"That leaf" was a prominently displayed section of a Christmas fern on Ward's campaign signs. Elegant, in full color and very green, the fern drove home Ward's pro-environment pitch, his occupation as a curator at the N.C. Botanical Garden, and a plant rescue he organized in 1999 on the soon-to-be paved grounds of Meadowmont.
By the next election cycle, in 2001, other candidates were on to the idea adding leaves and other greenery to their signs. Mark Kleinschmidt, one of the council members elected that year, said he added a leaf to his sign to reach out to voters concerned about the environment.
"Very few people in town knew who I was. If you read my resume you saw 'lawyer' all over it, so I wanted to do something to show I had green credentials," he said in a recent interview. "You don't see signs like we have in Chapel Hill in many other places. You don't see that kind of thing in Durham or Raleigh. It may have started in the early '90s when people had homemade signs, but Jim, with his leaf, really made it something you had to do," Kleinschmidt said.
This year, the leaf theme has even taken root in Carrboro with Mark Chilton's use of multiple leaf varieties in his push for a seat on the Board of Aldermen.
In Chapel Hill, the 12 candidates running for four seats on the council have broadened the iconography a bit. In addition to Ward, who has recycled his ferns and added a "re-elect" atop them, newcomer Thatcher Freund has also gone the leaf route. His, an oak, is accompanied by an acorn. Environmental lawyer Sally Greene, with her green signs and, uh, name, also has a leaf motif. Candidates Bill Strom and Rudy Juliano have opted for larger vistas in their choice of iconography, but their signs still include trees. Juliano's signs feature a set of angular, Christmas cookie-like pines. Strom's more sculpted hardwoods are prominent in a panorama of a small town--presumably Chapel Hill-- at sunrise. The look is vaguely reminiscent of the town flag, which depicts downtown, a key issue in this year's race.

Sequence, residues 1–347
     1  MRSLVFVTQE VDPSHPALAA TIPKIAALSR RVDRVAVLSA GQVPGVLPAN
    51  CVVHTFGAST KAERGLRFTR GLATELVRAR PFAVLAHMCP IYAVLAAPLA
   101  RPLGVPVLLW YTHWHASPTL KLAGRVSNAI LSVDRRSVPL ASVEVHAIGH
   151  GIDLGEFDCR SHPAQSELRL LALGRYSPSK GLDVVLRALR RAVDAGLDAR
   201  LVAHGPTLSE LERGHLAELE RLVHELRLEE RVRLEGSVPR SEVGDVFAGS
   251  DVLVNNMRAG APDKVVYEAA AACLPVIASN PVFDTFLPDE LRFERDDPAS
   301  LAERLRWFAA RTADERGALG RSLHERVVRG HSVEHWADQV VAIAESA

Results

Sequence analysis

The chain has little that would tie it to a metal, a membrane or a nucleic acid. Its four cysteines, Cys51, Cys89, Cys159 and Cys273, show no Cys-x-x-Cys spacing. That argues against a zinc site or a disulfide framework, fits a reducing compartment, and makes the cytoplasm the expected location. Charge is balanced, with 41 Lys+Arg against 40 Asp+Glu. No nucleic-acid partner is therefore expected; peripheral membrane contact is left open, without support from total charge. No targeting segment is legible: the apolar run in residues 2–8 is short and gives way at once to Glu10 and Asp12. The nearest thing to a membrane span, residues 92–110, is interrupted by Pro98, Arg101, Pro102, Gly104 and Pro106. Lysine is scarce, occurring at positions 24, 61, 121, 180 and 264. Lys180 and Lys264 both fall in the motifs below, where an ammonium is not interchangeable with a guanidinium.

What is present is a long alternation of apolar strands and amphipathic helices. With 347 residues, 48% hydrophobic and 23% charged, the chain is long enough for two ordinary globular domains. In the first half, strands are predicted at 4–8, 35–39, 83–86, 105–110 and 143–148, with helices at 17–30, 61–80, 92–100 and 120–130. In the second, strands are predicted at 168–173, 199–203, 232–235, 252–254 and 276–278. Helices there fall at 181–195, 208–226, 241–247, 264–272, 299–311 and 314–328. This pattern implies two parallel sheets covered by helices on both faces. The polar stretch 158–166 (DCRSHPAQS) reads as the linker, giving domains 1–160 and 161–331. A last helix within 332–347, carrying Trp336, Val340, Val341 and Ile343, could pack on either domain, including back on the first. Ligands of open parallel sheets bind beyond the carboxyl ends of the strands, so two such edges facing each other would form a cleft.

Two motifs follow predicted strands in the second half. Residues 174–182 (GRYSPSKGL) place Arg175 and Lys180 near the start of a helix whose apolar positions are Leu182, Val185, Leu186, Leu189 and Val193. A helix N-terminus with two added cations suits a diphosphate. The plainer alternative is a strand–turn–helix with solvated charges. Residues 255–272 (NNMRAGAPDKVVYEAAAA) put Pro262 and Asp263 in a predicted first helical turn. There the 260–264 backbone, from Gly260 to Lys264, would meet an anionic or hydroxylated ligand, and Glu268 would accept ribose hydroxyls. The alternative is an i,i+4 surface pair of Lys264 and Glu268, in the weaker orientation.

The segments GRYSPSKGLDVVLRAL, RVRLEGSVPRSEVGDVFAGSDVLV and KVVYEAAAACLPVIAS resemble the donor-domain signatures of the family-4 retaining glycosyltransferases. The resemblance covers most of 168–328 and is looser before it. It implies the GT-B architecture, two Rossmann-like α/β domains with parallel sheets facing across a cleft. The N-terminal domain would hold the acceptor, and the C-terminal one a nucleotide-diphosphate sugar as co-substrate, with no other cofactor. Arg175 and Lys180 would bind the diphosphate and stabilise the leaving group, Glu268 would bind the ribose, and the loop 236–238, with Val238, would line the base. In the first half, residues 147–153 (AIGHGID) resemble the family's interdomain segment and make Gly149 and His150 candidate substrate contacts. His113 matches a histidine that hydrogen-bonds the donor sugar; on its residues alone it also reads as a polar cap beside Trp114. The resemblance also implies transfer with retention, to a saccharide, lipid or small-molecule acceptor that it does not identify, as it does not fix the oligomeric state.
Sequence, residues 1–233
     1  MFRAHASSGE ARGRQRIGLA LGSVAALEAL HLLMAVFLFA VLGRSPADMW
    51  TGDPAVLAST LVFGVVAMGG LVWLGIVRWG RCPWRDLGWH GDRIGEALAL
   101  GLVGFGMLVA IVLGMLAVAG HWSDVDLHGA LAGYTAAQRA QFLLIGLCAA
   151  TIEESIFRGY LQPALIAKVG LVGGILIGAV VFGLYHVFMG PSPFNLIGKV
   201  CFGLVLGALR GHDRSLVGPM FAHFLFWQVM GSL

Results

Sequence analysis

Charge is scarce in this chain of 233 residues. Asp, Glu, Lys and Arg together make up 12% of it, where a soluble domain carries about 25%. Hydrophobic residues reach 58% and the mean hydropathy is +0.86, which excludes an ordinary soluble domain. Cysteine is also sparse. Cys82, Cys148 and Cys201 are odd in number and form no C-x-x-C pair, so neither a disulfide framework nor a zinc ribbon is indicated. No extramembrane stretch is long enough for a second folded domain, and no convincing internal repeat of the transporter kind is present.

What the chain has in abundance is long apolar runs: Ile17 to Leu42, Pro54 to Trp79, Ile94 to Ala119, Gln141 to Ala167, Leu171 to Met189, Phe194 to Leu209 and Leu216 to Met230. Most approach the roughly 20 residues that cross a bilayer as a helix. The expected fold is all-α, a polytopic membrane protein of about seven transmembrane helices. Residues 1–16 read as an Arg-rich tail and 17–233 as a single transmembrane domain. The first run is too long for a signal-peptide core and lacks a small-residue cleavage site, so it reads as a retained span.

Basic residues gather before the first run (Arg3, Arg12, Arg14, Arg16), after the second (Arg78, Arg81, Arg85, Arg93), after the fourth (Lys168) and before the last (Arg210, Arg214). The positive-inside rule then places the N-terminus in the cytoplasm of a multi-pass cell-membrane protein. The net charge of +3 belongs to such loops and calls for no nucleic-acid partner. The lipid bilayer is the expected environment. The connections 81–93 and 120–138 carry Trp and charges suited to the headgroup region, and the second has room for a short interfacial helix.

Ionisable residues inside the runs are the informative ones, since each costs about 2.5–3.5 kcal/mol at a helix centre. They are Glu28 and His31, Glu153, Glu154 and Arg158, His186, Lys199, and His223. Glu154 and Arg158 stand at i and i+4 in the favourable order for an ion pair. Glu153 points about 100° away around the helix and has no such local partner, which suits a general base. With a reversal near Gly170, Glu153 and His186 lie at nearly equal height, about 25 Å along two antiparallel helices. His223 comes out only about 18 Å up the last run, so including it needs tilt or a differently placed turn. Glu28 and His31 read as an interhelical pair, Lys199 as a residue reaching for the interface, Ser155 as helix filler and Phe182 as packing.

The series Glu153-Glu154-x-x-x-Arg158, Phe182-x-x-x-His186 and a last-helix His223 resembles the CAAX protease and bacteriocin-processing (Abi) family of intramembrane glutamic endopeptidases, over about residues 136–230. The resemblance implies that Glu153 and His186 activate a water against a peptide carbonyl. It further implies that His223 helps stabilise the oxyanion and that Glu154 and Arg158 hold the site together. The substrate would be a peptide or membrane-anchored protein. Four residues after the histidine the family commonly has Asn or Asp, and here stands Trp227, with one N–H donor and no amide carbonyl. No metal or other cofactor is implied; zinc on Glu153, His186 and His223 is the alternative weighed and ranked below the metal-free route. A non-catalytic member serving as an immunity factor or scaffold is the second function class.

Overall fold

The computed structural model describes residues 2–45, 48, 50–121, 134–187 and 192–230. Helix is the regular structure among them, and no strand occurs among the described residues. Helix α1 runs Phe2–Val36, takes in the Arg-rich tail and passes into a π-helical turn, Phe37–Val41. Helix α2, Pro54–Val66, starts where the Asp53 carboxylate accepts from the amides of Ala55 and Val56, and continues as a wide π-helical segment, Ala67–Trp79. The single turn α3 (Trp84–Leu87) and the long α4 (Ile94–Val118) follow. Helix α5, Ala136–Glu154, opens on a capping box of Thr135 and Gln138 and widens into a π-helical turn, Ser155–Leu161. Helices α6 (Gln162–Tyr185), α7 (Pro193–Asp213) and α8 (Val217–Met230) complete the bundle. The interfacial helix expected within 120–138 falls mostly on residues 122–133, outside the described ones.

Dianne Bachman and Andrea Rohrbacher, both making their first bid for council, have used more abstract symbols. Bachman, an architect with UNC-Chapel Hill, has added a draftsman's compass to her yard signs. The symbol has struck some folks as a little too Masonic. Given that the university's cornerstone was set after a Masonic ceremony and the school's initial layout based on a Masonic temple, it's an assessment that's not all that far fetched, although not likely the intent of the candidate.
Rohrbacher's choice of symbol is a little less clear. From the road, it looks like a cross or possibly a crossroads. On closer examination, it turns out to be warp and woof. There's a slogan written into the symbol about weaving together the community.
That's probably a bit too much," Kleinschmidt said."You want to have something easily recognizable. There's probably a good explanation with the image, but when people are whizzing by in their cars, you're not there to give it."
Jim Peacock, a Chapel Hill anthropology professor who teaches a class in signs and symbols, said the bloom in political icons is intriguing.
"You'd think in a university town that words would mean a lot more," he said. "But here people are using not only words but images. It reminds me a little of some non-literate nations that are forced to use icons on their ballots."
Another reason, Peacock said, is that computers use more and more graphics and icons to convey ideas. "People are more comfortable with using them."
There may also be a hint of political post-modernism in all the sign work, Peacock suggested.
"With the decline of real face-to-face contact, people are creating virtual contact," he said. "A sign is a way to do that. You're creating images that link people together."
In two weeks or so we may learn if virtual Chapel Hill is now more fern than acorn, looking for its compass or a weave, waiting for a new dawn or somewhere in the pines.